Following a second session of an ad hoc expert group meeting focusing on the ethical aspects of Artificial Intelligence in early September 2020, UNESCO released a draft recommendation on 7 September 2020. It aims at providing a framework for developments in artificial intelligence. This draft concludes the process launched in mid 2020 after the first session of the expert group and a submission for public contribution. The document is a first step to prepare future discussions between Member States which should occur in 2021. The framework envisaged in this document is based on a set of values and principles that should be implemented in different policy areas.
The four values put forward in the draft are following those promoted by UNESCO:
- Respect, protection and promotion of human dignity, human rights and fundamental freedoms.
- Environment and ecosystem flourishing.
- Ensuring diversity and inclusiveness.
- Living in harmony and peace.
In order to complete and clarify these values, the document sets out 10 principles to be applied to the use of artificial intelligence:
- Proportionality and do no harm.
- Safety and security.
- Fairness and non-discrimination.
- Human oversight and determination.
- Transparency and explainability.
- Responsibility and accountability.
- Awareness and literacy.
- Multi-stakeholder and adaptive governance and collaboration.
Finally, UNESCO identifies 10 policy areas in which these values and principles must find an operative translation:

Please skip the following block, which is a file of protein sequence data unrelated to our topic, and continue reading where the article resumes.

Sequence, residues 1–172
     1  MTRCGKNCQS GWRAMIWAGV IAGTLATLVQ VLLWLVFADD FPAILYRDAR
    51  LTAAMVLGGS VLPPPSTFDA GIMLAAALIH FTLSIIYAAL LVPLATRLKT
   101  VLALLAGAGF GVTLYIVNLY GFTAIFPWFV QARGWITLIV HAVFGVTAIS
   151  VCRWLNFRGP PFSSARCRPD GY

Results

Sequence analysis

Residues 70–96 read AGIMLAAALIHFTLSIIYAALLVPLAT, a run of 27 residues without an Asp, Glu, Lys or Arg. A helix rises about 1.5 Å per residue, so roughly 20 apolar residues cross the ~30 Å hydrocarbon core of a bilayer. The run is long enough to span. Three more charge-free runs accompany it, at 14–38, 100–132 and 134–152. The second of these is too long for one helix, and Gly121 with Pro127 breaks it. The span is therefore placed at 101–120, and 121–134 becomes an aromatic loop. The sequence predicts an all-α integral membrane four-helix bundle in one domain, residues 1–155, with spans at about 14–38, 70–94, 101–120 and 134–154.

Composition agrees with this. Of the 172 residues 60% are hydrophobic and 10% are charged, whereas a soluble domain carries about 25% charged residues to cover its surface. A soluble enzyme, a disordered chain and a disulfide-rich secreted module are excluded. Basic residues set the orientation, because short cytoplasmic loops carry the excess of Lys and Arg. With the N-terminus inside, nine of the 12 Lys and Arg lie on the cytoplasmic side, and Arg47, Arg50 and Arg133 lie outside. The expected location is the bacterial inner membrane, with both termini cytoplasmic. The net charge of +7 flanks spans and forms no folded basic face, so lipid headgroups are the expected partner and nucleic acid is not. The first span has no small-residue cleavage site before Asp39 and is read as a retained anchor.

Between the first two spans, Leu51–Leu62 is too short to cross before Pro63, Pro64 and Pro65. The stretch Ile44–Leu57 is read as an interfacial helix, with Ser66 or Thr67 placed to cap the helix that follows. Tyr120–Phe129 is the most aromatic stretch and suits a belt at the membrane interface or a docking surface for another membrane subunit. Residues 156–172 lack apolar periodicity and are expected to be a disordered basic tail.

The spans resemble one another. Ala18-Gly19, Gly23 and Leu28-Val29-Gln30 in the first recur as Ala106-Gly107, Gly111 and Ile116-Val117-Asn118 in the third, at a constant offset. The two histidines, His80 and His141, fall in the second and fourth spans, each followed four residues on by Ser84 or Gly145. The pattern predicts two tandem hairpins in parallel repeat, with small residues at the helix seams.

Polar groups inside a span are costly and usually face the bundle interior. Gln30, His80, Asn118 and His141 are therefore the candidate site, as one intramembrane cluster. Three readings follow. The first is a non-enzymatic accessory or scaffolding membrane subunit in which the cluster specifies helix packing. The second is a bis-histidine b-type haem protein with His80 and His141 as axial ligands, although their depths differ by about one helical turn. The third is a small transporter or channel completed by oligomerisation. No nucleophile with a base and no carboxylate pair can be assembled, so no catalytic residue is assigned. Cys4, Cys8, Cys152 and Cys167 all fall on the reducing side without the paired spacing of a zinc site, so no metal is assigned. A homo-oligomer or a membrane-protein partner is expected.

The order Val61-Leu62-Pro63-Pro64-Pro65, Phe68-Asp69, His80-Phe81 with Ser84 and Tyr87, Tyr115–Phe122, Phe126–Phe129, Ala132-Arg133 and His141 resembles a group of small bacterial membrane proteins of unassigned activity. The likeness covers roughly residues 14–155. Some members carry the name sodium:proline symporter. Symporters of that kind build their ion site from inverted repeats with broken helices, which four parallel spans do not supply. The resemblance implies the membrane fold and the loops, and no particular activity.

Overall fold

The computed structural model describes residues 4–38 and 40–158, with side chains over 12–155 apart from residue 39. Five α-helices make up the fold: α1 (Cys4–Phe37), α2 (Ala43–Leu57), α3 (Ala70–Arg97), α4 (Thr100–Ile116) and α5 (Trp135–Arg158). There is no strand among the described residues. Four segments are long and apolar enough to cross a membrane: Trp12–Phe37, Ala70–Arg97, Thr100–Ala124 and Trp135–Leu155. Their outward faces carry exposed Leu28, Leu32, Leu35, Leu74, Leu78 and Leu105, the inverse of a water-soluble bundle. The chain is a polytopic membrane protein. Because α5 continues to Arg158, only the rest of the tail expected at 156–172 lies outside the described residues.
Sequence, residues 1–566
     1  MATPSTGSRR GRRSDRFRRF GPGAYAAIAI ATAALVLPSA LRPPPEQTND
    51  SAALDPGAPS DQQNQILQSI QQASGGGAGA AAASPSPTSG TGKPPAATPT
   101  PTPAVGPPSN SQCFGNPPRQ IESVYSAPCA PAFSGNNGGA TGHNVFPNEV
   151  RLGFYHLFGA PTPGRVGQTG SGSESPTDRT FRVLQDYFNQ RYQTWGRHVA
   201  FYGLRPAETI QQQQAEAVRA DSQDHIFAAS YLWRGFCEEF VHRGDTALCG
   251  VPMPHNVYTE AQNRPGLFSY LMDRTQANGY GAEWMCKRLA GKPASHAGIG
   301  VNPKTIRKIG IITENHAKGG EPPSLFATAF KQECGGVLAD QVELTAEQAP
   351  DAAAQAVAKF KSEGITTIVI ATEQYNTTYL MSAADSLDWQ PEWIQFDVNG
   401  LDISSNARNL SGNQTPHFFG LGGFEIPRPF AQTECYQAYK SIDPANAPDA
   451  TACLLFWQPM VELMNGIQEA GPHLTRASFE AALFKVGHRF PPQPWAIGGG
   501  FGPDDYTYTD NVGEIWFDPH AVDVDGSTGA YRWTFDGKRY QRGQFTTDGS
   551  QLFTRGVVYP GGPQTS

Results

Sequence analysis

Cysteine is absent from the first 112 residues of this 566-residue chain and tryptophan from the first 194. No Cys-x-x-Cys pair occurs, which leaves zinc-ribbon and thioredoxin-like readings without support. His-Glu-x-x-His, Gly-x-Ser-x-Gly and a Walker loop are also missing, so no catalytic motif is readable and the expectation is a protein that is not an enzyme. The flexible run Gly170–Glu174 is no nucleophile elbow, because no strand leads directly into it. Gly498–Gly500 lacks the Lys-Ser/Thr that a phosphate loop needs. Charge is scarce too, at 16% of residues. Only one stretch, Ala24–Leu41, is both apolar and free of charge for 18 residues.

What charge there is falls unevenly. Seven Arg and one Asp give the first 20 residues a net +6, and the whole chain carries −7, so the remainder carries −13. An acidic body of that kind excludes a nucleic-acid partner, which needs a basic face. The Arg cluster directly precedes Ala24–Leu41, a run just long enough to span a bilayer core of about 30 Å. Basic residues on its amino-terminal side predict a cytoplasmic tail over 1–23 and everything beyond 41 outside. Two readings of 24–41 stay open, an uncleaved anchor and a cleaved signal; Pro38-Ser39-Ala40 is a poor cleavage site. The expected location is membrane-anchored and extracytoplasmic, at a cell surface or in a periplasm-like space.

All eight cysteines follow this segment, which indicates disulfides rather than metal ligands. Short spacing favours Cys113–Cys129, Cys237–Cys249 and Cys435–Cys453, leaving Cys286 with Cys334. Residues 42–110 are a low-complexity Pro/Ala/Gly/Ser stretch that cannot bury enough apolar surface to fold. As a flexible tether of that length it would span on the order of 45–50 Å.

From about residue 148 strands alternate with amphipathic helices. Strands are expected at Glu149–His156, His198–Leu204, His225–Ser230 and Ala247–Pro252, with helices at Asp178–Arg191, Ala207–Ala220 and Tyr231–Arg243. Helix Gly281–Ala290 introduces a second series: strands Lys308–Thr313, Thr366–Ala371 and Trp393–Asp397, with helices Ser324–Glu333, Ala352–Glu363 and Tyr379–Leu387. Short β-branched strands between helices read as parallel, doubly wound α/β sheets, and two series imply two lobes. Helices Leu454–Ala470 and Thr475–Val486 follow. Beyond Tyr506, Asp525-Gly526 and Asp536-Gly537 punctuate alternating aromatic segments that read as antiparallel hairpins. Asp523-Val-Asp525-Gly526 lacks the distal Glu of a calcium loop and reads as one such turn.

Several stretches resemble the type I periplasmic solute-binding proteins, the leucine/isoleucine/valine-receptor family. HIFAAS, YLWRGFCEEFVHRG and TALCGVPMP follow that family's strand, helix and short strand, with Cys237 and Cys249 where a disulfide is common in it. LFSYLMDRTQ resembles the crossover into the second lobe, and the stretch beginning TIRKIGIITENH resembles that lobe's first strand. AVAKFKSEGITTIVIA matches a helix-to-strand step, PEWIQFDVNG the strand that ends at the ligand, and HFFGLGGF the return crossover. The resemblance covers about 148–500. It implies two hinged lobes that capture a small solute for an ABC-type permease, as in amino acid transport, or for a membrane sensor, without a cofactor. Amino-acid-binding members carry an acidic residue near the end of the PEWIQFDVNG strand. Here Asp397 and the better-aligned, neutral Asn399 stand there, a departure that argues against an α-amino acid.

- Ethical Impact Assessment.
- Ethical Governance and Stewardship.
- Data Policy.
- Development and International Cooperation.
- Environment and Ecosystems.
- Education and Research.
- Economy and Labour.
- Health and Social Well-Being.
In all these policy areas, the document encourages Member States to adopt legislation and procedures that would make the set-out values and principles effective. UNESCO envisions Artificial intelligence in a human-centric perspective focusing on the human being. The document therefore develops a framework to use AI as a vector tool for reducing inequalities, protecting the environment and human rights as well as access to education and culture. UNESCO sees these technological tools as an additional vector for achieving the organisation’s goals and not as a technology that would overturn major established legal principles. The transposition of the substance of this document into practice should come from Member States and their willingness to adopt a final recommendation in line with that draft.